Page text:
On the fifth day of grief, my feet are cobblestones, walking ancient paths.

I wonder if part of the grieving process is the other also letting go, a separation, gently, roughly, tenderly, kindly, agonizingly painful separation of paths.

Both stand at a crossroads, and then, how do we let go?

As we gather in connection, I wonder if the one who has passed is beckoning us together, gathering us like flowers into one bouquet and for a time we share a vase, in gathering, a vine.

4 thoughts on “Fifth Day of Grief

  1. Good question! Do both need to let go? How do we let go and also believe that we are connecting in love?
    Your post reminds me of Marion Oliver’s poem on Blackwater Woods-

    Liked by 1 person

    1. I think both need to let go. I felt my father stayed around until my mother was able to join him thirty-six years later. They were eternally tied. Each relationship is different. What I feel now is that a piece of me is going off with my brother, just a piece, and of course his major tie is with his wife, children, and grandchildren.

      I think though as we did with Mitchell, we give them permission to go and we honor their new ways to fly – caterpillar to butterfly – we allow, even encourage their flight, and in that, is even more expansion of the love we all share. There, is Grace!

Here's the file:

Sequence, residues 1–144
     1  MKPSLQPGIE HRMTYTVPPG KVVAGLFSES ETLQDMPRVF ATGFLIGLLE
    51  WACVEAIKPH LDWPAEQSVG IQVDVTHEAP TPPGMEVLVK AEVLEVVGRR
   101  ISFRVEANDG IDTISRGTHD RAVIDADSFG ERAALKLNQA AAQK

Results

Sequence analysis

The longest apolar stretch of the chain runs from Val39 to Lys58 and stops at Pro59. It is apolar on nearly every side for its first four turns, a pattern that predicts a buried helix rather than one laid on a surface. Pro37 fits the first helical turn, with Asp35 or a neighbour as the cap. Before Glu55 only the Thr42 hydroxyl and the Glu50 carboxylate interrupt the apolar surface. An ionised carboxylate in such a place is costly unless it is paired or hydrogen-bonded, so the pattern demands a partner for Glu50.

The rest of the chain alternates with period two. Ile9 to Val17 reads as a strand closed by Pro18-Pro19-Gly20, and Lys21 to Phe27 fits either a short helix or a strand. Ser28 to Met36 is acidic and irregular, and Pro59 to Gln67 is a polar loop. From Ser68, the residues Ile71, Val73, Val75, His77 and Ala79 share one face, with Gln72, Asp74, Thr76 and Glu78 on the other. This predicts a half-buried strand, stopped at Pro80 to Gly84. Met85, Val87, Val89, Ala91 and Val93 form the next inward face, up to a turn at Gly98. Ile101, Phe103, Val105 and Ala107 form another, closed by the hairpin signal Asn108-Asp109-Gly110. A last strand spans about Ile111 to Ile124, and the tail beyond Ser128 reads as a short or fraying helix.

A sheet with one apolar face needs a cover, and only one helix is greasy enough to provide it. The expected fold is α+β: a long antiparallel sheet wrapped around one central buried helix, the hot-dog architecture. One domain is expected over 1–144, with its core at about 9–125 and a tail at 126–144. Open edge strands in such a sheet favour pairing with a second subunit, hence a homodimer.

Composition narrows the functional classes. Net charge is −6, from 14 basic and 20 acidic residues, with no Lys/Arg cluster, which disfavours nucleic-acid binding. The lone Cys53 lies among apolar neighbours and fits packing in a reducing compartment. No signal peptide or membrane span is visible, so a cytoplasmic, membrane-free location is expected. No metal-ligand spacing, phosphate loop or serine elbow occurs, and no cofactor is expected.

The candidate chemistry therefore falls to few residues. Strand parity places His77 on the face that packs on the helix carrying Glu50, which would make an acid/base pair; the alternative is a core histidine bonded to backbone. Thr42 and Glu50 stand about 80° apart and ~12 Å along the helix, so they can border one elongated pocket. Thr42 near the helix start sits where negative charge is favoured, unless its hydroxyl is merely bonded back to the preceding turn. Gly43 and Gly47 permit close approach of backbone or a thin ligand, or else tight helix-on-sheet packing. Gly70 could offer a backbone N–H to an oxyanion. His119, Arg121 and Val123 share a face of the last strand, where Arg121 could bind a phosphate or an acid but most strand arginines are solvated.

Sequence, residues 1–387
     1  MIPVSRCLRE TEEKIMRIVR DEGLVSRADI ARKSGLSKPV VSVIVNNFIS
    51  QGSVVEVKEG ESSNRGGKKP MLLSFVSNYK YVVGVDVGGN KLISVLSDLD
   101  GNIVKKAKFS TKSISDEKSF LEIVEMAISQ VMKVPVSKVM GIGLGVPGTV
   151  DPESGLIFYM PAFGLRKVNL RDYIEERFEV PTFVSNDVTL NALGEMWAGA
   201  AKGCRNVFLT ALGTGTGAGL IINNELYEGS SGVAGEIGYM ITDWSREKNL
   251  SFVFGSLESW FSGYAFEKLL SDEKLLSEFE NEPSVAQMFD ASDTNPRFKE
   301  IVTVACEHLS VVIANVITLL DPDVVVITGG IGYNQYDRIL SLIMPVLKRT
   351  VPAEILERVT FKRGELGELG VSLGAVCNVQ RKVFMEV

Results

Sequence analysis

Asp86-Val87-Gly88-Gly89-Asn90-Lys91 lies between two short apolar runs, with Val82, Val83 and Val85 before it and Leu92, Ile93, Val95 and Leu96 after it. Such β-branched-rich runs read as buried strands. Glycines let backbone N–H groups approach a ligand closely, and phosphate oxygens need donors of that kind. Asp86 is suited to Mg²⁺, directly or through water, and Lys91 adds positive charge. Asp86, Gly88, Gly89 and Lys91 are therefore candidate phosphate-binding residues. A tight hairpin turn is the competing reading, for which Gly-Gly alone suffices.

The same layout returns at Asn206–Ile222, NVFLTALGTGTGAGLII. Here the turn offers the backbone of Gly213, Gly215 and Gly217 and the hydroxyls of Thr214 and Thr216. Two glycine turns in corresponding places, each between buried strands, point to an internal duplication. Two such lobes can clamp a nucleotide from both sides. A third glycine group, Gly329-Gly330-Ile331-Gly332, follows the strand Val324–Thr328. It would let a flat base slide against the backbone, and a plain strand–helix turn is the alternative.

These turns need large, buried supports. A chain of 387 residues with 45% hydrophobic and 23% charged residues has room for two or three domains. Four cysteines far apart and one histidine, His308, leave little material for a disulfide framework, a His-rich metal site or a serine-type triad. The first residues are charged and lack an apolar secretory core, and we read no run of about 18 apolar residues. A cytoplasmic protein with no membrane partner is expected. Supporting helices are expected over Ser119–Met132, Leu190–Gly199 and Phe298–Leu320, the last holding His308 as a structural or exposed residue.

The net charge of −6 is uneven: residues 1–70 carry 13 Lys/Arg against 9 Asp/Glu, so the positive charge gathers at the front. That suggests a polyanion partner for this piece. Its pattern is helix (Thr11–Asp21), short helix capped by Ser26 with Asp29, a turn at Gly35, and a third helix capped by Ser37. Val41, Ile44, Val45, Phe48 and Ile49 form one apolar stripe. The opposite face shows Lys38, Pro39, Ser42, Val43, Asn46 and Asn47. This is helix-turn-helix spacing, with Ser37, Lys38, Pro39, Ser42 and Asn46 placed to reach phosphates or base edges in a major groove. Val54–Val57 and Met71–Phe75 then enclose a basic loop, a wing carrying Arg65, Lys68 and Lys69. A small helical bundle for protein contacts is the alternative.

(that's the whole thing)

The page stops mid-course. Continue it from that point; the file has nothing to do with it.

Like

  2. Look, the trees
    are turning
    their own bodies
    into pillars

    of light,
    are giving off the rich
    fragrance of cinnamon
    and fulfillment,

    the long tapers
    of cattails
    are bursting and floating away over
    the blue shoulders

    of the ponds,
    and every pond,
    no matter what its
    name is, is

    nameless now.
    Every year
    everything
    I have ever learned

    in my lifetime
    leads back to this: the fires
    and the black river of loss
    whose other side

    is salvation,
    whose meaning
    none of us will ever know.
    To live in this world

    you must be able
    to do three things:
    to love what is mortal;
    to hold it

    against your bones knowing
    your own life depends on it;
    and, when the time comes to let it
    go,
    to let it go.

    Mary Oliver
    In Blackwater Woods

    Liked by 1 person

    1. Elaine,
      This is the most amazing of poems. Yes, she captures it perfectly and beautifully. Yes!
      I think now of the Book of Hours. This is a poem for me to read every hour now for awhile, until I feel a clearer letting go. Right now, my heart is in a push-pull. It’s like flying a kite. I’m not ready to let go of the string and I pull it close and let it out a little bit, and back and forth I go, until one day, the kite floats free.

      Like

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